Design and the Future of the Built Environment

I was lucky enough to attend Futures Fair 10 last week. The event, created by Building Futures (who I am currently working with), covers future developments within architecture and the built environment and I attended two sessions, the first of which focused on design.

Richard Wentworth and Tom Emerson began the session by talking about the importance of recognising your culture’s past when thinking about contemporary design. They explored the cedar-burning traditions of Japanese architecture and how designers are continuing to use this ancient method when creating modern, mainstream architecture that maintains strong ties to Asian culture. The burned cedar cladding is used on the outside of the building from the first floor up, with Wentworth and Emerson expressing a love of the wear and tear on display, and the suggestions of a past, present and future for the material.

Discussion with the audience asked how we can get continuity within design between past present and future, and if it was more important to maintain the spirit of a culture, rather than recreating old working methods.


Julian Hakes acted as a timely illustration of the evolving role of the architect, talking about his recent shoe design inspired by his practice’s work with bridges. Taking a creative de-tour, Hakes found himself asking: ‘when was the last time the flip-flop was reinvented?’, and after exploring weight transference across the foot, and much rapid-prototyping, he created a wrap-around flip flop with a sole only on the heel and ball of the foot.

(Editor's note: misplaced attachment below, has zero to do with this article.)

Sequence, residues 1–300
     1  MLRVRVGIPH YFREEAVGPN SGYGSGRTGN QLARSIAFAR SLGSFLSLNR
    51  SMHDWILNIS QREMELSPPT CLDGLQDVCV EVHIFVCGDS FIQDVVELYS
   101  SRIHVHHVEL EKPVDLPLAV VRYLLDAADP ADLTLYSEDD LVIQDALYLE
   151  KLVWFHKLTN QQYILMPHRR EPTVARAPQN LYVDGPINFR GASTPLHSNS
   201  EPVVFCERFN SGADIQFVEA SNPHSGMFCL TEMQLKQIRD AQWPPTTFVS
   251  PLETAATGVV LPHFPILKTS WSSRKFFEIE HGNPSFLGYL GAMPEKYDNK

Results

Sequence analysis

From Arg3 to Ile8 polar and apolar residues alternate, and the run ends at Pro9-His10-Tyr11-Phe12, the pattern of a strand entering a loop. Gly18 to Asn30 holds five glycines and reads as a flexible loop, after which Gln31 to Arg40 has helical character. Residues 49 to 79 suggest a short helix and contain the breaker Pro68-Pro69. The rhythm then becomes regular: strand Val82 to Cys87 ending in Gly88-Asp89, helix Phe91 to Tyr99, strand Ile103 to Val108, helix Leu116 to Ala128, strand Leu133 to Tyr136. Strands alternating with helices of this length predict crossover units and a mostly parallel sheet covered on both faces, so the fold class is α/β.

The design received global press coverage fuelled both by its innovative design and Hakes’ refusal to allow anyone to be photographed wearing it. Resulting responses included requests from Tyra banks to be the first photographed wearer, and web comments such as ‘somewhere, eagerly, a dog poop awaits’.

By working in a different medium to his usual practice, Hakes was able to reinterpret footwear, calling his piece ‘a reaction against a style applied to a foot, [and] more about a process of support and materiality.’

On the current climate for architects, Hakes believes ‘You can’t wait for the clients, you just have to do your own thing’, an attitude encapsulated perfectly by his footwear design.

An architect with a background in set design, Gabby Shawcross further demonstrated the broadening of contemporary architectural practice with his work involving responsive light installations. Tasked to create an untraditional, interactive lobby space, Shawcross created a wall of light containing cameras that respond to the movement of the body and colours in the environment. A visitor’s movements within the lobby would affect the motions of the lights, and the colours of their clothing would even begin to seep into the displays.


Shawcross created a similar installation using cameras and lighting for the V&A, as well as designing a touring pavilion which displays a panoramic time-based image with movements based on the interactions of those nearby. This particular project took on an even larger audience, being displayed in real-time on the O2 website.

Further discussion suggested that the broadening of architectural practice could only be a good thing, with responsive architecture like Shawcross’ being called ‘the future of architecture’. The collaborative approach on display from all speakers was also praised, as was the pragmatism shown by Hakes during the design of his shoe. However, this also led to a bigger question: are architects being driven to different industries out of a desire for instant gratification that the architecture industry can’t give them?